Today, people are mobile, and for employment in particular. We must come to terms with what temporary migration means for Australia, how it can serve our interests and what we must do to protect our interests.
We already know the economic benefits that have been derived from international visitors and students. We must now understand how utilizing temporary labour visas can grow our economy and create jobs for Australians, rather than myopically seeing it as a threat – currently 457 visa holders accounts for less than 1% of our labour force[xxxviii].
Temporary migration enables us to provide greater conditionality on a person’s stay. Unlike permanent migrants, we can and should constrict the terms of their entry to work in particular locations and occupations to address labour shortages. This can bring targeted benefits to regional areas, where such labour is needed, and protect against such labour gravitating to other areas, where it could threaten Australian jobs.
We must be careful to manage the population impacts of such temporary migration, ensuring that we apply appropriate constraints, most importantly that such entrants return home when their purpose and stay has been completed – whether it is to work, study or visit – without onward application entitlements.
Where increases in temporary migration are balanced by departing temporary migrants, the population impact is mitigated.
Finally we must find ways to provide temporary migrants with access to settlement support. These migrant groups are presently highly vulnerable in our community and receive little to assist them adjust to and participate in Australian life. This is essential to ensuring greater social cohesion and integration within our community, if more temporary migrants are to be part of our community.
A further challenge is what I would describe as a shift in the fault line on social cohesion. This was once defined by race, nationality and ethnicity. We have overcome these challenges. A new fault line is emerging on religion.
The challenge here is more significant than cultural practices and identity, as we a dealing with the borderless, non racial, ethnically non specific and non language dependent realm of personal beliefs, values and world view.
Having said this I remain confident that we will meet and overcome this challenge in the same way as we have met those that have unsuccessfully threatened to divide our nation in the past – by remaining true to the values, systems and institutions that have served our nation well – which include freedom of religion.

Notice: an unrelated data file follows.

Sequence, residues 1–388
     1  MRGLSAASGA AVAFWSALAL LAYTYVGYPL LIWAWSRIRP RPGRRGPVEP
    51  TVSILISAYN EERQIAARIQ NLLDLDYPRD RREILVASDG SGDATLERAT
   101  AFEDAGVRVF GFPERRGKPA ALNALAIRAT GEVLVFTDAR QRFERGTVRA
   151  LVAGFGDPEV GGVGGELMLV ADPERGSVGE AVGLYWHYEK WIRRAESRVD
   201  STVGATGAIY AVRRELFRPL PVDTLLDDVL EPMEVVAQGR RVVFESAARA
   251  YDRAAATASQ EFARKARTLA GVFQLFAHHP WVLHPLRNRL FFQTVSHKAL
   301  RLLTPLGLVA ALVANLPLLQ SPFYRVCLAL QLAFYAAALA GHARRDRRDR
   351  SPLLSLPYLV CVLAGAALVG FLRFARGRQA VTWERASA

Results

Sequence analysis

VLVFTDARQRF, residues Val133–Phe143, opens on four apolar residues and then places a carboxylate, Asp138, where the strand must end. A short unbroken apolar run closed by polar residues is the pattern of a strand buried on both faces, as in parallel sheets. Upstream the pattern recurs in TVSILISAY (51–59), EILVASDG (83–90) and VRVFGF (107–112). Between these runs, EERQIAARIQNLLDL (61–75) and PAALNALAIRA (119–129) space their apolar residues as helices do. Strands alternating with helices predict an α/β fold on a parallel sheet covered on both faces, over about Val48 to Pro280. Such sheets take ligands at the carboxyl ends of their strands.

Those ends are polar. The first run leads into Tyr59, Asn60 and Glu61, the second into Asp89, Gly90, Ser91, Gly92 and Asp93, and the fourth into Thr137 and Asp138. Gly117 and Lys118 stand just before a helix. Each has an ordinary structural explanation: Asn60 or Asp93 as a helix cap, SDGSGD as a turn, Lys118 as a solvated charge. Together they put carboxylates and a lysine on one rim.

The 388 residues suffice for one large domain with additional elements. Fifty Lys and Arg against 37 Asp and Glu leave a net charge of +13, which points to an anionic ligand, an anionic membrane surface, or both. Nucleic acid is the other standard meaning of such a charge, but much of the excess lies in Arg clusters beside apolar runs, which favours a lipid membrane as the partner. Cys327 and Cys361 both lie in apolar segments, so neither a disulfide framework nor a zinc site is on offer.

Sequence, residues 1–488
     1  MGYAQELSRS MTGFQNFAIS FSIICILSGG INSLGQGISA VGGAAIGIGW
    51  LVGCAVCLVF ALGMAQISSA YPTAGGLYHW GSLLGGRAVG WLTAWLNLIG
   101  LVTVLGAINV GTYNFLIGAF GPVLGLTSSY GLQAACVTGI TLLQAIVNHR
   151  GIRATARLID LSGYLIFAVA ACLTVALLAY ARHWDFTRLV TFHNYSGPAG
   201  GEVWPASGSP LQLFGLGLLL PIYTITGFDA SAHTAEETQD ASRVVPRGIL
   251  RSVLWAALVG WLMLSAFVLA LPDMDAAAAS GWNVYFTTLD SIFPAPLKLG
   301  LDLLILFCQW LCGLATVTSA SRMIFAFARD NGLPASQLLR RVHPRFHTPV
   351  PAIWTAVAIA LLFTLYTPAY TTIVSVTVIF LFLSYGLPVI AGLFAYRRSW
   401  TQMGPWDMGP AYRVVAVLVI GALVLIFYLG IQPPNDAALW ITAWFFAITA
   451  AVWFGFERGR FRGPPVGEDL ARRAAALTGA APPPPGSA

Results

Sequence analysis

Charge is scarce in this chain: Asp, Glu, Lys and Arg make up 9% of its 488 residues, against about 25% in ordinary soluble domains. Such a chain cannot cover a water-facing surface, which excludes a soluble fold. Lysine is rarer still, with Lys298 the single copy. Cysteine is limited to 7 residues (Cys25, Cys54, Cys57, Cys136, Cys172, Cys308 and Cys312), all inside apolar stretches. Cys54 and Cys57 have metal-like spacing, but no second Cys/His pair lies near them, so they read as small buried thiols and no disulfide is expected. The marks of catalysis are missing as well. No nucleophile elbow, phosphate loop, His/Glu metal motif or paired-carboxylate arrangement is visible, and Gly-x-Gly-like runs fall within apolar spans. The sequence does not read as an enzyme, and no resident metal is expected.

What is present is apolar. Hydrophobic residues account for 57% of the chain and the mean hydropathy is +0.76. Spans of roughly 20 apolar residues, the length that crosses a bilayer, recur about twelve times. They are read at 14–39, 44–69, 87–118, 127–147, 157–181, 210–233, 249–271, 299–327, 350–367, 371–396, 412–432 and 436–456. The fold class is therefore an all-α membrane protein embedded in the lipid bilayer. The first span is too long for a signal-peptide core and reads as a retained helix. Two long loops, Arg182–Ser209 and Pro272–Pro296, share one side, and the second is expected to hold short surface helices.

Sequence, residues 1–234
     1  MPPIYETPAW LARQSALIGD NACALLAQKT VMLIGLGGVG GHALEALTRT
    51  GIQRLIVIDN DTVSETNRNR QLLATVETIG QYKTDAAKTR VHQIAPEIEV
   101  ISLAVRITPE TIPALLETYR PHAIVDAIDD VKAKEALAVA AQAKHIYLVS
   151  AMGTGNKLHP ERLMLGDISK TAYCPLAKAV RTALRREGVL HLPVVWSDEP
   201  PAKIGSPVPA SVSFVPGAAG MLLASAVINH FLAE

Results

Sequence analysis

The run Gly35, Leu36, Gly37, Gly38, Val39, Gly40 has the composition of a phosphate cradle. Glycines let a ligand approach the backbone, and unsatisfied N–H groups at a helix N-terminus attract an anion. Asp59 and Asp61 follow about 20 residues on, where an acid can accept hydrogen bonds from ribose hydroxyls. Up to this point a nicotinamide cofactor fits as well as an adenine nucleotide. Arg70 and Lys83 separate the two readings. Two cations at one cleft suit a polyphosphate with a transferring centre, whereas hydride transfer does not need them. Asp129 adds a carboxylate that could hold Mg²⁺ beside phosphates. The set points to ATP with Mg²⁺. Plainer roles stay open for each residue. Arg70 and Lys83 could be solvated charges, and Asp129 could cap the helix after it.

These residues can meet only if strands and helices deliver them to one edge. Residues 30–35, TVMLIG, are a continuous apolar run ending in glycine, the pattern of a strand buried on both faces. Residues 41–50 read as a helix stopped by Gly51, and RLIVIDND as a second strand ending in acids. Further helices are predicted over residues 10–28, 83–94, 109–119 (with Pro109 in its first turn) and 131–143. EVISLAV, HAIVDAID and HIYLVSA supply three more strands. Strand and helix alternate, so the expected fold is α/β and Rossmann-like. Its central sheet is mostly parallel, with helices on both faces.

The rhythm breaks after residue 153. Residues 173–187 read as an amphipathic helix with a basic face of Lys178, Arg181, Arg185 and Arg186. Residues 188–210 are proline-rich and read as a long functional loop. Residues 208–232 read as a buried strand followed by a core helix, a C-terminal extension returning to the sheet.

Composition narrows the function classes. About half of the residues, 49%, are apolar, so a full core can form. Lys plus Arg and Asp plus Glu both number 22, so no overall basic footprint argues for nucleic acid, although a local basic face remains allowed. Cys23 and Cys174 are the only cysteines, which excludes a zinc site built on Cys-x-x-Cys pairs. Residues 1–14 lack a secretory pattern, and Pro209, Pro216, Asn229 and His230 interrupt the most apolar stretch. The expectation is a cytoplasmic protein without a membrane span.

Like most liberal democracies, while our constitution is rightly secular in construction, it also embraces religion and by definition the positive role of faith in our community. Those who celebrate the secular state should not make the error that secularism or secular humanism has somehow been established as our national religion by default – some type of new secularist theocracy.
Our constitution celebrates religion by providing for its freedom in the hearts, minds, lives and free speech of its citizens.
Our only constraint on religion is that, in its practice, we respect the rule of law, the institutions that uphold our laws and the values that we live by and aspire to as a nation.
In our nation there is only one law. Our law cannot be partitioned in sectarian terms, or any other religious divide. I believe this is the overwhelming view of every parliament in the country and why calls for legal pluralism must be rejected, and certainly would be rejected by a Liberal Government.
Outside the formal sphere of the law, it is our values as a nation that should guide our behaviour.
As an example, I am opposed to the banning of any form of religious dress. Common sense, not the rule of law, should be our guide. We have the right to wear whatever we want, that doesn’t mean we always should, if we believe it will cause discomfort or disrespect to other citizens. Equally, religious dress should not be afforded any special status or exemption under the Law, especially for identity or security purposes.